Todd Janzen is an attorney at Janzen Agricultural Law LLC (www.aglaw.us) in Indianapolis. Todd grew up on a Kansas grain and livestock farm and now practices law in the agriculture and technology fields. Todd is the past chair of the American Bar Association’s Agricultural Management Committee and authors a blog addressing legal issues facing agriculture: www.aglaw.us/JanzenAgLaw. Contact: email@example.com.
As someone who is immersed in legal issues related to data privacy and ownership, it should come as no surprise that I have a Google alert set up so that I get notified when a company uses the words “transparency” and “ag data” in a sentence.
For the most part, the Australian Farm Data Code follows the framework of North America’s Core Principles, focusing on clarity, portability, control, consent and sharing, and deletion rights. It is similarly an aspirational document, a set of guiding principles.
Repairability is certainly an issue for some farmers, but it is not the whole story. Greg Peterson (a/k/a Machinery Pete) pointed out in the Star-Tribune that 1970’s and 1980’s tractors were built to last for decades, with proper maintenance and upkeep.
In 1919, a young Lieutenant Colonel named Dwight D. Eisenhower led a military convoy across the United States, from Washington D.C. to San Francisco. The excursion took 62 days and left a lasting impression on Eisenhower.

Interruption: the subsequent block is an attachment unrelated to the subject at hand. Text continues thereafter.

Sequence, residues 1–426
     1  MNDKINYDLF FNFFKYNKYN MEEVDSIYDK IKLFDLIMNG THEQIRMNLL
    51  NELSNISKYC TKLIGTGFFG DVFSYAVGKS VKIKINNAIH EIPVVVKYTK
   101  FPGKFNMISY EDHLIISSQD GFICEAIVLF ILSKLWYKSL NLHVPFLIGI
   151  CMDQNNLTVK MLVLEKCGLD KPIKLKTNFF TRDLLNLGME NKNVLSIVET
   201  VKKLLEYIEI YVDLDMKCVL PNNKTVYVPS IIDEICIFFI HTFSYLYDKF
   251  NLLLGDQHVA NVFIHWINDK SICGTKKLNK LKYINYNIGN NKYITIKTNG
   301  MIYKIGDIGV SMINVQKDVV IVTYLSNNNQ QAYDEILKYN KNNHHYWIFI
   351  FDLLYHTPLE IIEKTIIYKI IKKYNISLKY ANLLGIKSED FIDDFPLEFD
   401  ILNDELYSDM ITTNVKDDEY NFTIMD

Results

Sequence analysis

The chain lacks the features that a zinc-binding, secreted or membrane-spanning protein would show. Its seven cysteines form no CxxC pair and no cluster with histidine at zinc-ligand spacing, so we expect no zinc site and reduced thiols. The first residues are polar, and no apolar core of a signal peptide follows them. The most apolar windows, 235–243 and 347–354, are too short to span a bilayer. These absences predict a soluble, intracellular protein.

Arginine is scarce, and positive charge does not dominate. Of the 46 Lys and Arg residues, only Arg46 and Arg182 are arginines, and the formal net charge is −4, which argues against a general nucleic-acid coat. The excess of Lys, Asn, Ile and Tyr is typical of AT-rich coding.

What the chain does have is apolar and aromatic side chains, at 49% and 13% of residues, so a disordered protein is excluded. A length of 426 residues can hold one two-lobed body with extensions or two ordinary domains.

It has become common for tech conferences to have Shark-Tank style competitions among new startups. The winner is awarded an investment from the conference host or supporting venture capital firm. In the case of the Forbes AgTech Summit, SVG Ventures selected two swine-focused agtech startups, BinSentry and SwineTech. Each will receive a $100,000 investment.
Tesla recently announced that the Model 3 would now be available as a “100% leather-free” model, meaning that no leather was used in the interior. When hearing this, at first I thought, “Well that’s interesting.”
Universities and colleges have had to rethink and revise the way they educate students and this is particularly true for precision ag undergraduates accustomed to hands-on, in-field learning. Dr. Scott Shearer, Professor and Chair, Department of Food, Agricultural and Biological Engineering at Ohio State University shares how he and his peers have evolved their approach to ensure ag students continue their education, largely online, as well as the potential of adopting permanent changes to the academic calendar based on the lessons learned during the coronavirus pandemic.
Learn actionable sales strategies from the most influential “Dealership Minds” in the industry — of every color, size and experiences — during this one-of-a-kind event August 4-5 in Omaha, NE. You’ll discover leading dealer-to-dealer sales strategies during this 2-day networking and idea sharing event.
The college offers an associate degree in Applied Science in Agriculture (60 credit hours). Students enrolled in this program may specialize in precision farming technology by selecting up to 15 credit hours in this area and agriculture business, sales and agronomy.
The college offers an AAS in Precision Agriculture and customized precision ag- related training for agricultural producers, insurance underwriters, equipment dealer and agricultural cooperative employees and others.
Offering training on Ag Leader, Trimble, Reichhardt, Norac and Integris Systems in twice yearly customer training events (spring/fall). Also offering individual training opportunities on any HTS Ag products and SMS software, year round.